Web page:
Aussies bash Aussies

The following is just me thinking out loud. I’d really love to hear from people who actually know about this stuff.

A while ago I read a piece by Susan Wyndham about Oz writers getting much better reviews in the US of A then in Australia. I was hoping for lots of examples but Wyndham only talks about Richard Flanagan’s latest book. Not that that wasn’t interesting, but I’d love too see if there’s any substance to the impression and if there is then is it a new phenomenon or an old one?

Within the world of YA I can only think of a few examples of Oz books being bigger in the US of A then at home. The Book Thief is the main one that springs to mind. It’s insanely huge in America and not especially big back home. The reviews in the US were over the top; I don’t know what they were like in Australia. Quite good I suspect but I doubt they’re as over the top as the US ones. Most Oz reviews of anything are less fulsome than US ones.

Writers like Ursula Dubosarsky, Sonya Hartnett and Jaclyn Moriarty, for example, are bigger at home than in the States, which is a shame on account of they’re all BRILLIANT. (Go read!) And then there’s Margo Lanagan who’s been pulling down as many prizes and accolades at home as she does in the US of A.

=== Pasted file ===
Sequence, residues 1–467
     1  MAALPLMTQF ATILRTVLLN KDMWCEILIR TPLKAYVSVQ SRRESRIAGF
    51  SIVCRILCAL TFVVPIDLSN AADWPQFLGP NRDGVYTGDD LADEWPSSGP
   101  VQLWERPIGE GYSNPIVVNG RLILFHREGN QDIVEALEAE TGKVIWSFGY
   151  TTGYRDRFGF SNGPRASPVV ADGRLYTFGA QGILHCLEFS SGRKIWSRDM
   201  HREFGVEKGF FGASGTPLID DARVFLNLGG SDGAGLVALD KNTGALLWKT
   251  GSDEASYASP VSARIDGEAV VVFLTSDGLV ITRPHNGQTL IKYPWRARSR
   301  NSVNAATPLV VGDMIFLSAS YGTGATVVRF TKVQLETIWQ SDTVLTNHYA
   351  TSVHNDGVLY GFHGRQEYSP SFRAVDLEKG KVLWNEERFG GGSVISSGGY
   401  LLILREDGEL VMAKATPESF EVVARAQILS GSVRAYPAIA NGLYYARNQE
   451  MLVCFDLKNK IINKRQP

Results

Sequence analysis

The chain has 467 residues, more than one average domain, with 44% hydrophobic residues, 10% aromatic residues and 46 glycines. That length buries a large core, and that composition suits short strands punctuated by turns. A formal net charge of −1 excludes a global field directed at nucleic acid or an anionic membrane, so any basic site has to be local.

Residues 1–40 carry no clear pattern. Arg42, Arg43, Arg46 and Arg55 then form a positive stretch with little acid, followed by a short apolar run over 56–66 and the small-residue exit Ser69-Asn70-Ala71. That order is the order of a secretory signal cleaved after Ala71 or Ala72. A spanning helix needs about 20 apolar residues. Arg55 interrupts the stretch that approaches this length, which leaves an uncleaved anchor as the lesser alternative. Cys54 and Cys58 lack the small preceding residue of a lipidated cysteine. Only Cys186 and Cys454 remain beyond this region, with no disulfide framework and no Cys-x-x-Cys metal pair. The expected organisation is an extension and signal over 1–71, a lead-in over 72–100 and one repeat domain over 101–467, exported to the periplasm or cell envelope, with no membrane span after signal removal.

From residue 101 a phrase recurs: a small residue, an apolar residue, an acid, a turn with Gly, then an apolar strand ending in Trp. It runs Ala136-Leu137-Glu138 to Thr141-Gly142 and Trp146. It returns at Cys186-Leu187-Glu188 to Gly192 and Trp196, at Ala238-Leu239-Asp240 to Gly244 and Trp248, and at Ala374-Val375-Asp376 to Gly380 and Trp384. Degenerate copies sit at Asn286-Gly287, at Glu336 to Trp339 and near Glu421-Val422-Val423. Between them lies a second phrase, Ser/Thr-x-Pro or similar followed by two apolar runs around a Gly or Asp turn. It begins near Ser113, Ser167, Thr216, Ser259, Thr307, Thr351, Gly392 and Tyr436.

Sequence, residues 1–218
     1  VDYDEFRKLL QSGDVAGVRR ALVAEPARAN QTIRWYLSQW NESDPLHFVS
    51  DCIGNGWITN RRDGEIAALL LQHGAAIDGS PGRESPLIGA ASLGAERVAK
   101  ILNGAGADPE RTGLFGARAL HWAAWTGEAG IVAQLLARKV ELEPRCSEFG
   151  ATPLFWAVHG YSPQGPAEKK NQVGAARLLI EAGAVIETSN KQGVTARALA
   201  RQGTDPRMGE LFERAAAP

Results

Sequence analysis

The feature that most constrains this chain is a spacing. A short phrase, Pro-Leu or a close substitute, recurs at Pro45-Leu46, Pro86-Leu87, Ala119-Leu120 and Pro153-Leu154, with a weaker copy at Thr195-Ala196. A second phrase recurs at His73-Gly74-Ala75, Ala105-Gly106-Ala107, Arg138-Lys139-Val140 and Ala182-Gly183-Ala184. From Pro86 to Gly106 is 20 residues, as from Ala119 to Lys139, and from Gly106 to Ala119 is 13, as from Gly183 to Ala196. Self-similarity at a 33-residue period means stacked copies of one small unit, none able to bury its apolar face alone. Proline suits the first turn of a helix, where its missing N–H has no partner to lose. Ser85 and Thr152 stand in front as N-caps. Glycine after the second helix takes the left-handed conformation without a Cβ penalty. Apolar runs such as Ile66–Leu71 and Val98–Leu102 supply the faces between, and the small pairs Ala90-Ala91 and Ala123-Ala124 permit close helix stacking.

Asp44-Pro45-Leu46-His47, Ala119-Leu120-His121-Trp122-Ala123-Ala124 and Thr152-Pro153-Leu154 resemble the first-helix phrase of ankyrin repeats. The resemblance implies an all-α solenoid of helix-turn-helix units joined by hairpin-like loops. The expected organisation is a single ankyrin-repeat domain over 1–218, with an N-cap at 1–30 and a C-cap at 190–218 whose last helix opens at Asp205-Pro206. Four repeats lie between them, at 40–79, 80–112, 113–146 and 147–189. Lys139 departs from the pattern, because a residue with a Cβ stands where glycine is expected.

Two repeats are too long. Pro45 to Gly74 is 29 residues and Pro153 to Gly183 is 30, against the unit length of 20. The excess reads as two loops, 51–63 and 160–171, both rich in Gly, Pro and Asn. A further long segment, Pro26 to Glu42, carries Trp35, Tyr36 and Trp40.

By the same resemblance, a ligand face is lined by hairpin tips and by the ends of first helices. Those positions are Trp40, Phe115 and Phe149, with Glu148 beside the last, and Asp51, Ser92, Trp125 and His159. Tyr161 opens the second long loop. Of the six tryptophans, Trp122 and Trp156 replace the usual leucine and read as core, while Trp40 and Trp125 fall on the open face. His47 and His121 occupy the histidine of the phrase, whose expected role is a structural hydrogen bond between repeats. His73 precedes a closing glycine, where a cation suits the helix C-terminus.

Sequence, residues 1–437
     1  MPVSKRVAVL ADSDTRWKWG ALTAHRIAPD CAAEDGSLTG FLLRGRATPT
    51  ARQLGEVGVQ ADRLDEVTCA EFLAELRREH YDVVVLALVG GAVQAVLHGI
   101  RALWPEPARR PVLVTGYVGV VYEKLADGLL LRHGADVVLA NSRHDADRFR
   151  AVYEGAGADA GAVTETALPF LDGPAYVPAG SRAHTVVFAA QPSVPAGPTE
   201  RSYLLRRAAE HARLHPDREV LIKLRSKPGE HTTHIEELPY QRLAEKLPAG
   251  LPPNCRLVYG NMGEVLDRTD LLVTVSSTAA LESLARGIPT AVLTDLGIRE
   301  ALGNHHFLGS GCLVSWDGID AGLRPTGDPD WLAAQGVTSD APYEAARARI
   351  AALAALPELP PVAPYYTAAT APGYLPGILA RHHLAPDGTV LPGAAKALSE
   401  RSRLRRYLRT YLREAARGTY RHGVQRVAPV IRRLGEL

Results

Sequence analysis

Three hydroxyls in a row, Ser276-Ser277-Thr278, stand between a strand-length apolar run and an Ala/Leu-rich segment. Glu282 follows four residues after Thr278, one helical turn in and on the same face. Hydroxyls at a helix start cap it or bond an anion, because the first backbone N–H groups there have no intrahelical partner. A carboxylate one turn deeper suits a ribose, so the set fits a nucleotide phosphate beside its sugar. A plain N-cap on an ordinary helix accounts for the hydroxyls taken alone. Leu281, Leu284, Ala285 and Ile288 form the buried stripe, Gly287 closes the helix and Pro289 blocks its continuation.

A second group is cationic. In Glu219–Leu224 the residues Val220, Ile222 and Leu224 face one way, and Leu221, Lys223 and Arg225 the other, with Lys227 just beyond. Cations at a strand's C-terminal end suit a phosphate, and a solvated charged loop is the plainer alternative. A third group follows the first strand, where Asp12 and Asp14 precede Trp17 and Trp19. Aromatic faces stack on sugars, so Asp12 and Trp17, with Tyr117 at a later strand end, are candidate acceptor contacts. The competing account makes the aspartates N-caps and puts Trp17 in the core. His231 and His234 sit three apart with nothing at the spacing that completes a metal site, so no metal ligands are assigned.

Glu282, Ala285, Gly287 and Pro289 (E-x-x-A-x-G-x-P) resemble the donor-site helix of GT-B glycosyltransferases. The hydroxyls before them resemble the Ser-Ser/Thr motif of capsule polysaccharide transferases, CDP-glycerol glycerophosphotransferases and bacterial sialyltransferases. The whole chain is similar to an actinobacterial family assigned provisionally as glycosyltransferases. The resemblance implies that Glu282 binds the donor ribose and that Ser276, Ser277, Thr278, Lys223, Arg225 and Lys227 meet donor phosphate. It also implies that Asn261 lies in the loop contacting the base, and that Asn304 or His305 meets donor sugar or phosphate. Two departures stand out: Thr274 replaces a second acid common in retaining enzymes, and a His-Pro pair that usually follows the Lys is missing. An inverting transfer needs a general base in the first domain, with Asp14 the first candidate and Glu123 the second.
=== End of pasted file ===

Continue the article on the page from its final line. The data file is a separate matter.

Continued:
But YA is another world from mainstream literature. In Australia it barely gets reviewed at all whereas in the US there are gazillions of important review outlets: Publishers Weekly, Kirkus, Booklist, School Library Journal, Horn Book Review, BCCB (Bulletin of the Center for Children’s Books), not to mention all the local newspapers and journals that review it. I’ve had reviews in The Washington Post, Wisconsin State Journal, Des Moines Register, and The Eugene Weekly. We’re a country of 22 million; they’re one of 300 million.

In Australia reviews are pretty much irrelevant to a YA book’s success. Most of the big sellers have had very few reviews. It’s pretty much all word of mouth. For the grown up books reviews seem to be WAY more important, which leads me back to Wyndham’s piece and the comments it inspired. Is the harshness of some Oz reviews because their eyes are not dimmed by a romantic view of Australians and Australia? I’ve definitely seen strong responses to my work over there stem largely from my perceived exoticness. A response that would never fly here at home. I’ve been told many times by Yankees that they picked up my book because I’m Australian.

And then Sonya Hartnett in her interview earlier this week was talking about how difficult it is for her to be taken seriously at home because she doesn’t write adult fiction. That attitude doesn’t seem as prevalent in the US. But then I haven’t really come across it at home either. But I’m very new to this game and I’m not very well known in Australia.